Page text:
Gully fern, a common New Zealand fern now in the eFloraNZ

Gully fern, also called pākauroharoha and Pneumatopteris pennigera, is one of the most common ferns in New Zealand.  You’ll have almost certainly seen it if you’ve ever walked in a New Zealand forest.  It occurs from the north of the North Island to the south of the South Island (although it is absent from much of the eastern South Island).

Gully fern, pākauroharoha, Pneumatopteris pennigera. As the colloquial name suggests, gully fern tends to grow in damp, shady places. It is a medium-sized ground fern. It can be distinguished from other New Zealand ferns by having its spore capsules clustered in dark circles on the underside of the frond, and the network of dark veins on its thin green fronds. Photos by Leon Perrie. © Te Papa.

Gully fern, pākauroharoha, Pneumatopteris pennigera. As the colloquial name suggests, gully fern tends to grow in damp, shady places. It is a medium-sized ground fern. It can be distinguished from other New Zealand ferns by having its spore capsules clustered in dark circles on the underside of the frond, and the network of dark veins on its thin green fronds. Photos by Leon Perrie. © Te Papa.

Gully fern belongs to the Thelypteridaceae family of ferns.  The electronic Flora of New Zealand (eFloraNZ) chapter for the Thelypteridaceae has now been published.  The eFloraNZ summarises what is known about the appearance, relationships, and distribution of New Zealand’s plants.

As with all eFloraNZ chapters, the Thelypteridaceae chapter come in two forms:

  1. the web version. With its hyperlinks, this is good for browsing through.  And it has bigger pictures.
  2. the pdf version. (6 MB.) This is good if you prefer a more book-like experience.  You can print the pdf, and go offline.

Diversity and distributions

The Thelypteridaceae is one of the world’s biggest fern families, with some 1000 species.  When I’m working in the Pacific Islands, I find the diversity of the Thelypteridaceae challenging.  There are lots of species, and many of the differences among them are subtle.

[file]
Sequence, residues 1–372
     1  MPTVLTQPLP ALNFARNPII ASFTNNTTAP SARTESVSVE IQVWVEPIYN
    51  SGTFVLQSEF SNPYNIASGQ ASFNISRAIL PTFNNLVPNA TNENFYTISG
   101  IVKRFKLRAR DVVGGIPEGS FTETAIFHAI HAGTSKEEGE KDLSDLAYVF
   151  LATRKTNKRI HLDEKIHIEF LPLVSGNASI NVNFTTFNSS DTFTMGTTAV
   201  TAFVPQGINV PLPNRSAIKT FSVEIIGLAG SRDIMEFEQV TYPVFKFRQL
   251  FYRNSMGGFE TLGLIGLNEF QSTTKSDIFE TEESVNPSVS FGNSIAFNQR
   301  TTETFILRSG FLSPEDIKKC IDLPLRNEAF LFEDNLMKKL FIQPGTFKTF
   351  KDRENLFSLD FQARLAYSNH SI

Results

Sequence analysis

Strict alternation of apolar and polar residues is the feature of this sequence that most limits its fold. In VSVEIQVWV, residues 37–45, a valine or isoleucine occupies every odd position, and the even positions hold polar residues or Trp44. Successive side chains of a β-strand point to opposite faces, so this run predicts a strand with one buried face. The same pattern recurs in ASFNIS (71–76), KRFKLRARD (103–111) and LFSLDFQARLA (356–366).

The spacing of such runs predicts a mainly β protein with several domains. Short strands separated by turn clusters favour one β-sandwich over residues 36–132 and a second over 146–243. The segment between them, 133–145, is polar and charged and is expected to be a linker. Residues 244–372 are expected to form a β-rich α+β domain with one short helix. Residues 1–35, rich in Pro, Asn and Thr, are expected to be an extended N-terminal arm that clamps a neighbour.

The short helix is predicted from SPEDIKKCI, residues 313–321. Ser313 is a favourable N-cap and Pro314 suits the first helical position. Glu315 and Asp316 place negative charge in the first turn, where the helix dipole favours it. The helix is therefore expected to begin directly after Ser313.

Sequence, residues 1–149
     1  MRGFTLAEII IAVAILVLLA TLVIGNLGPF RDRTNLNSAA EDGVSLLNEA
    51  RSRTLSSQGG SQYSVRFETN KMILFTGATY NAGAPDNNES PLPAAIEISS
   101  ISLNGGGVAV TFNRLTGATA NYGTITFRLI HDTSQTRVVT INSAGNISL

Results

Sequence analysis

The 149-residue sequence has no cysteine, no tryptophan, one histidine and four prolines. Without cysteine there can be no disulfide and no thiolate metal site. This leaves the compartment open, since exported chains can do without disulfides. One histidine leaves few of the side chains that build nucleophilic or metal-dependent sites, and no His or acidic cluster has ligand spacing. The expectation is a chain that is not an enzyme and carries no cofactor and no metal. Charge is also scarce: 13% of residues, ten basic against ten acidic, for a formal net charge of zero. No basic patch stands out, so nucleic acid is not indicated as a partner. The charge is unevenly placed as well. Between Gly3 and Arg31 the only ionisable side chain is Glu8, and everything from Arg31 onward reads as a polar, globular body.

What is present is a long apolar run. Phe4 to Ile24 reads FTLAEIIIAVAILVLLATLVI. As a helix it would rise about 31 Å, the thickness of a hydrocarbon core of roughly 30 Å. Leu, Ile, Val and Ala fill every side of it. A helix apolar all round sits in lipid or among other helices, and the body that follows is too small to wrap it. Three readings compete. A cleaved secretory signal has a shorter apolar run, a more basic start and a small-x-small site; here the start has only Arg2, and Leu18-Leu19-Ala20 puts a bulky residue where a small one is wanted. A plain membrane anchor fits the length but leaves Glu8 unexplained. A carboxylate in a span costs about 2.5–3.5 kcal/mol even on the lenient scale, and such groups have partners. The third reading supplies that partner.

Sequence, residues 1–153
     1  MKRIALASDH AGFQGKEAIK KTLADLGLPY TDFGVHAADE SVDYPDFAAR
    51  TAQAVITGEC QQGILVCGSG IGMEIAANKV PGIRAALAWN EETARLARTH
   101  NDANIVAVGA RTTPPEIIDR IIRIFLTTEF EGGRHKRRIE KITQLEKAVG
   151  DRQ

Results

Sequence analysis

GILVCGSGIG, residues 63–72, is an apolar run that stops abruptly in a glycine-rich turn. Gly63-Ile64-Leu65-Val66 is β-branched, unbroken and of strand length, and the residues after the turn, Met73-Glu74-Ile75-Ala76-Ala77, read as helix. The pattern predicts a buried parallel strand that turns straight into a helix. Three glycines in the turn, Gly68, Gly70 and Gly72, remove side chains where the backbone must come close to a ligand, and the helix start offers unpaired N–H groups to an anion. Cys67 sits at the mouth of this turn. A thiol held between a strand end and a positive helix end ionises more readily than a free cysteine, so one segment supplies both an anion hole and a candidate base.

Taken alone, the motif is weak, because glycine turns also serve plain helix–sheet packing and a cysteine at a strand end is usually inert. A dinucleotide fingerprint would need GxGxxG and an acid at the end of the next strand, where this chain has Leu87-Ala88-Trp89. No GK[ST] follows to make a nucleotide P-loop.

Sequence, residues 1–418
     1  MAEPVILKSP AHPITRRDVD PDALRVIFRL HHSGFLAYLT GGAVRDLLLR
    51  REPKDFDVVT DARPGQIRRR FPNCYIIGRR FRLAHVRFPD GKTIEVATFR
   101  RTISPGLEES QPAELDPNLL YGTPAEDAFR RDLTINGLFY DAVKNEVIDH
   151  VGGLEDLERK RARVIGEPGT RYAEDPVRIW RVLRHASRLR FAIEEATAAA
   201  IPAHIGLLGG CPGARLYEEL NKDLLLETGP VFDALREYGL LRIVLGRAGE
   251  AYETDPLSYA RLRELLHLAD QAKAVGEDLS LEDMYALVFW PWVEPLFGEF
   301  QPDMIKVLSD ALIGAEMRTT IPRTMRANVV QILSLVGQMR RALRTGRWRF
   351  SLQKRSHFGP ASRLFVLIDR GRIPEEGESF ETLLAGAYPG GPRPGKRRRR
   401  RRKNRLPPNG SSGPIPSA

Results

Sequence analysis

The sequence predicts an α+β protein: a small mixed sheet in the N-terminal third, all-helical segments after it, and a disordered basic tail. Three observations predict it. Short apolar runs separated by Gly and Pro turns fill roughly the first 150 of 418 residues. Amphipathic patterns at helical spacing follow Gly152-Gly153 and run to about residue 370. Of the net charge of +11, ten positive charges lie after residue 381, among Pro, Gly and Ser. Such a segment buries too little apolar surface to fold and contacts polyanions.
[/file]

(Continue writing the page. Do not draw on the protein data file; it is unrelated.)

But in New Zealand the situation is much simpler as there are just five species.  It would seem New Zealand is generally a bit cold for the Thelypteridaceae!

Of the five indigenous species, only gully fern is common and widespread in New Zealand; it also occurs in Australia.  The other four occur even more widely outside New Zealand, into the Pacific Islands and tropical areas beyond.

One species, Macrothelypteris torresiana, is present in the New Zealand region only on the Kermadec Islands far to the north of the North Island (although it was seen once on the North Island’s North Cape).

The remaining three species – Christella dentata, Cyclosorus interruptus, and Thelypteris confluens – are scattered through the northern North Island.  All three of them reach their southern distribution limits in the central North Island where geothermal areas somewhat replicate their usual tropical environments.

Distribution maps of the five species of Thelypteridaceae that are indigenous to New Zealand. From left: Christella dentata; Cyclosorus interruptus; Macrothelypteris torresiana; Pneumatopteris pennigera; Thelypteris confluens. The greater cold tolerance of Pneumatopteris pennigera is clearly evident. All five species are also indigenous to other parts of the world. Maps © Landcare Research 2015 CC-BY.

Distribution maps of the five species of Thelypteridaceae that are indigenous to New Zealand. From left: Christella dentata; Cyclosorus interruptus; Macrothelypteris torresiana; Pneumatopteris pennigera; Thelypteris confluens. The greater cold tolerance of Pneumatopteris pennigera is clearly evident. All five species are also indigenous to other parts of the world. The blue dots correspond to specimens in the collections of Te Papa, Auckland Museum, or Landcare Research. Maps © Landcare Research 2015 CC-BY.

Other blog posts about the eFloraNZ.

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One Response

  1. David Hutchinson

    Nice work, as always.

    Reply

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